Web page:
Air ambulance would make 'lasting difference' says partner

Clockwise from left: Dr John Hinds, known as the flying doctor who was killed in Skerries 100 in July. Dr John's partner Dr Janet Acheson is joined by seven-year-old Shaun McCann at Stormont where a renewed appeal was made for an emergency medical helicopter service. Dr Hinds had been involved in saving Shaun's life by helicopter after he had a fall at his Roscommon home in 2013. Dr Brian Burns, Associate Professor of Emergency Medicine from Sydney HEMS
Marie Louise McConville

THE partner of a doctor who fought tirelessly for an air ambulance for Northern Ireland before his sudden death appeared at Stormont to plead for the service to be made "a reality".

Dr Janet Acheson, a consultant Obstetrician and Gynaecologist, spoke at the Senate Chamber saying how the establishment of such a life-saving service "cannot wait any longer".

Dr Hinds, who was killed in a road accident in July, was a consultant anaesthetist at Craigavon Area Hospital. He was a fierce supporter of a dedicated, doctor-led emergency helicopter service for Northern Ireland and had campaigned tirelessly for its introduction.

The 35-year-old, from Tandragee in Co Armagh, was providing medical cover at the Skerries 100 motorcycle race in Dublin when he was killed.

Nicknamed one of the "flying doctors" of Irish motorcycle racing for the lifesaving support he provided during high speed bike races, Dr Hinds, who was also known as `Doc John', was a strong advocate for a regional air ambulance and had met Health Minister Simon Hamilton to discuss the issue.

Following his death, his family vowed to continue his campaign, urging the public to sign a petition in his memory.

His partner, Dr Janet Acheson told Stormont that a properly structured Helicopter Emergency Medical Service (HEMS) would "make a lasting difference to the people of this country".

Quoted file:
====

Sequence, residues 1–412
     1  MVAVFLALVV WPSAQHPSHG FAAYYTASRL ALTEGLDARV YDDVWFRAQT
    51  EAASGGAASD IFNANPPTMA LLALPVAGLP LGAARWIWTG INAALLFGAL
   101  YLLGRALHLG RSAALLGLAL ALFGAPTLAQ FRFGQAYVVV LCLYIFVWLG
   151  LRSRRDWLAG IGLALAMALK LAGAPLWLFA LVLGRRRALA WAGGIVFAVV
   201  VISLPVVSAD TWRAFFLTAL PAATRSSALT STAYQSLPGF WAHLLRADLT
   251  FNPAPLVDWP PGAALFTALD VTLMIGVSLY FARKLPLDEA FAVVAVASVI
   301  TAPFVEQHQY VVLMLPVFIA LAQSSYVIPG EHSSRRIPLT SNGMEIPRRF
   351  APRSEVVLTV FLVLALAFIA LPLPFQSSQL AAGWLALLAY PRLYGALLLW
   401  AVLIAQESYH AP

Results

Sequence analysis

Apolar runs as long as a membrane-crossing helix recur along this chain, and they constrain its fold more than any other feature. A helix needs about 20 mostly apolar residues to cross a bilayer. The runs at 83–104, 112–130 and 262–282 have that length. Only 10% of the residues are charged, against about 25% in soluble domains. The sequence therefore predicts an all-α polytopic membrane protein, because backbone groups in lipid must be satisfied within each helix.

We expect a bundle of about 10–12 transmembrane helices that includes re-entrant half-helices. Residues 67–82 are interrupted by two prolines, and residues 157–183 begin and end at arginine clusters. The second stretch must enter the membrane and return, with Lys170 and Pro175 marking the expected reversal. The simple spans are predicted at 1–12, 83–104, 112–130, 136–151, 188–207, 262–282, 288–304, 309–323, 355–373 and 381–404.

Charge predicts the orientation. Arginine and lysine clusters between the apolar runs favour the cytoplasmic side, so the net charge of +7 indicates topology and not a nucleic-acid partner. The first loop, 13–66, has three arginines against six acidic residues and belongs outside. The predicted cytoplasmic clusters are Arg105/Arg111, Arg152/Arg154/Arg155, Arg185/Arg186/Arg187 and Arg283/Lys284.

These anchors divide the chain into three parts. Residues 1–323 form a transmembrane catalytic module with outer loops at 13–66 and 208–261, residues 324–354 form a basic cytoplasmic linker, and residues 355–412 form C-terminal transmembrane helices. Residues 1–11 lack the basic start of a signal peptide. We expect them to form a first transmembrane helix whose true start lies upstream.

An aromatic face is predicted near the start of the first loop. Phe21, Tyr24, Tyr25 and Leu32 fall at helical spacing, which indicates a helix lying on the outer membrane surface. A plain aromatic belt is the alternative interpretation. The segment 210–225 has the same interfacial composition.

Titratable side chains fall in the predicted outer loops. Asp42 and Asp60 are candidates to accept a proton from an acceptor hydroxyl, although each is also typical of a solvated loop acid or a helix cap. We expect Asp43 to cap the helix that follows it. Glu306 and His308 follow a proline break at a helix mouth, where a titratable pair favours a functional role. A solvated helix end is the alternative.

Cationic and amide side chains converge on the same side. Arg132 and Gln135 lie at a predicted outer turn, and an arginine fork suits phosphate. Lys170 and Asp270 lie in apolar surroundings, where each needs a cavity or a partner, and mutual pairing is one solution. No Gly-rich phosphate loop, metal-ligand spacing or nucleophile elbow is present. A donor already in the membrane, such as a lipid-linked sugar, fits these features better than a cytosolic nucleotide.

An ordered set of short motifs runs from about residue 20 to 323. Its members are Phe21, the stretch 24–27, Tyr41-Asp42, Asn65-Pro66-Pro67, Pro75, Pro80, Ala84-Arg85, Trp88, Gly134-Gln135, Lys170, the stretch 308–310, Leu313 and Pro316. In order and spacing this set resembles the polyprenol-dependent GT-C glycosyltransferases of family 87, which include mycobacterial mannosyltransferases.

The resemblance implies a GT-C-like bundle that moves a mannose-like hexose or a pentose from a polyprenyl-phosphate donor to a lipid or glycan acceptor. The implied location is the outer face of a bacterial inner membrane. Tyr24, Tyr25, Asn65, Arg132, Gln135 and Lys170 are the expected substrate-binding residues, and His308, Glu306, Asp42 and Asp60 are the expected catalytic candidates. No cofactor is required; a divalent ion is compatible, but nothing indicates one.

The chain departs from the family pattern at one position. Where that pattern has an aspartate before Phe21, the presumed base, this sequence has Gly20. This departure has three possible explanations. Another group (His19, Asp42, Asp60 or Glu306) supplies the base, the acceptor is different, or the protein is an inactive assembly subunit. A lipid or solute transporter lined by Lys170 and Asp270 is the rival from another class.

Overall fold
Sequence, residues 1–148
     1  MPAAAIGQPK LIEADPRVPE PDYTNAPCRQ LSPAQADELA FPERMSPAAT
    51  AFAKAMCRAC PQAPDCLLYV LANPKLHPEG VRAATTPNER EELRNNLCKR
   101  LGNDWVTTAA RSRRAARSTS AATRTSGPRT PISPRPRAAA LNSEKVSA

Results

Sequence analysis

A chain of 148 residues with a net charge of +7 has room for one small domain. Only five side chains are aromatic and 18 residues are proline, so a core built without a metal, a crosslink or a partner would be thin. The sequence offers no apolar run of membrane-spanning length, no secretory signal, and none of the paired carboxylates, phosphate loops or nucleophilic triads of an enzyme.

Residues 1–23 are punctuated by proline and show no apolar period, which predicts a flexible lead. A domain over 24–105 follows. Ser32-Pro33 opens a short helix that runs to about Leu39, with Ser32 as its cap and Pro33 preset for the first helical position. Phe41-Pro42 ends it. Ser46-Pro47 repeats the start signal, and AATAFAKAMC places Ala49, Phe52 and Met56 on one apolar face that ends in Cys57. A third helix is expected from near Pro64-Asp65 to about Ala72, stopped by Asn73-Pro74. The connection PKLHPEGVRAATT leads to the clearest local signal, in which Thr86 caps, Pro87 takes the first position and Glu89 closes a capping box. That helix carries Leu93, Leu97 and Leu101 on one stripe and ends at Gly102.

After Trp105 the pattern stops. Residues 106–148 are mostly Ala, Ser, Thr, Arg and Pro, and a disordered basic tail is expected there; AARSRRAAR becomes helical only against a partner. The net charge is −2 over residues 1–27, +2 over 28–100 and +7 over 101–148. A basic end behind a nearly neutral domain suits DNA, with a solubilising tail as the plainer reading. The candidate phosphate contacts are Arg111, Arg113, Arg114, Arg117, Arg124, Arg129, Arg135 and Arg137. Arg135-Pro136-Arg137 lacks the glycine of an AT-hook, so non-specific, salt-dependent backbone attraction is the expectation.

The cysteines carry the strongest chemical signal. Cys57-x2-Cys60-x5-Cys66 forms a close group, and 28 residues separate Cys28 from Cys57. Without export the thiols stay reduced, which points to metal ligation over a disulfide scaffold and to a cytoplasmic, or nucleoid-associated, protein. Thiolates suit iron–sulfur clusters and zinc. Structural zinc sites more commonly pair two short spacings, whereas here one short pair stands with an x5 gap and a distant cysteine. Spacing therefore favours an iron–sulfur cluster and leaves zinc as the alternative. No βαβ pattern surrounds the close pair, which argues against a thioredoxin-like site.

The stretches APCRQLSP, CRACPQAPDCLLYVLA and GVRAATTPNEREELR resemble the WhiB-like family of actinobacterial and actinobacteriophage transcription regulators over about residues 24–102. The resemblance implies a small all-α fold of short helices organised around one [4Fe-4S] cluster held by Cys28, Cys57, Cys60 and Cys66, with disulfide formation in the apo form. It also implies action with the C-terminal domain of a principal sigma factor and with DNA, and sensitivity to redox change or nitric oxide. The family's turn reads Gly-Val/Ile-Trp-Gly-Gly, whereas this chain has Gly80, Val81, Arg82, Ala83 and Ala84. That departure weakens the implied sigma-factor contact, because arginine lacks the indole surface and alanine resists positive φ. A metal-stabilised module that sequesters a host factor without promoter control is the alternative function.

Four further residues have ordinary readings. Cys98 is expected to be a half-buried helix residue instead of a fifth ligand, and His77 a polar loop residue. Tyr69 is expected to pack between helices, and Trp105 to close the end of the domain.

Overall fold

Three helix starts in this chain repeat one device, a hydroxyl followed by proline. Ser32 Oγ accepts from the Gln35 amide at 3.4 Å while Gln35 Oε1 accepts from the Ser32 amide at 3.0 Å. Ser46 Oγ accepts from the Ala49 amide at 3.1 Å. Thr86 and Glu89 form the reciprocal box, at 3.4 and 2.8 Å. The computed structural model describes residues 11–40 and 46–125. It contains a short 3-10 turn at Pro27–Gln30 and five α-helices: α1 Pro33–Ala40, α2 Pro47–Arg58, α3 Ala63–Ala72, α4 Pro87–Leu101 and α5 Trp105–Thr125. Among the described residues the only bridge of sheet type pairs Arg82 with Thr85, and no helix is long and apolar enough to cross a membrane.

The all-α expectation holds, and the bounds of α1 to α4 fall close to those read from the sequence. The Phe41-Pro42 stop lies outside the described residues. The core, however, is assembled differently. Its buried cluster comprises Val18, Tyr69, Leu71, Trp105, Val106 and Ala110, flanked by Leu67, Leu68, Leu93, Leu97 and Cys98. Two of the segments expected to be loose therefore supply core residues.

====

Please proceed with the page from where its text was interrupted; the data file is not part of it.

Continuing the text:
Also present at the event were a number of medical personnel and Dr Brian Burns, Associate Professor of Emergency Medicine from Sydney HEMS.

Describing Dr Hinds as an "inspirational person who should be here", Dr Acheson said she believed there was "no better legacy to my incredible other half, than saving lives".

"The support for John’s work - which he was so passionate about- has been humbling, at times overwhelming but most of all inspiring. It has also given us strength through some very tough days,” she said.

"John’s dream for the country he lived in was the establishment of a first-class, world-leading trauma network - with a doctor-led Helicopter Emergency Medical Service at its core".

Dr Acheson acknowledged a consultation launched last month on the establishment of a HEMS and trauma network in Northern Ireland.

She said it was the belief that the service should be funded in the long term by the government but that initial and ongoing charitable support may be needed.

She also highlighted the fact that 1,508 people had died in road collisions in the north between 2003 and June this year and said more lives could have been saved if HEMS had been available.

"Considering the survival impact of a doctor-led HEMS in countries who have adopted such services, between 215 and 600 of these people would still be alive had HEMS been available in Northern Ireland," she said.

She added: “Today, there are people enjoying time with their families and friends, who some time in the future will end up in a very serious medical emergency.

"Their lives will be on the line. This Service cannot wait any longer.

"I urge you all today to do everything you can to turn it into a reality. Please make it happen. The world is watching".


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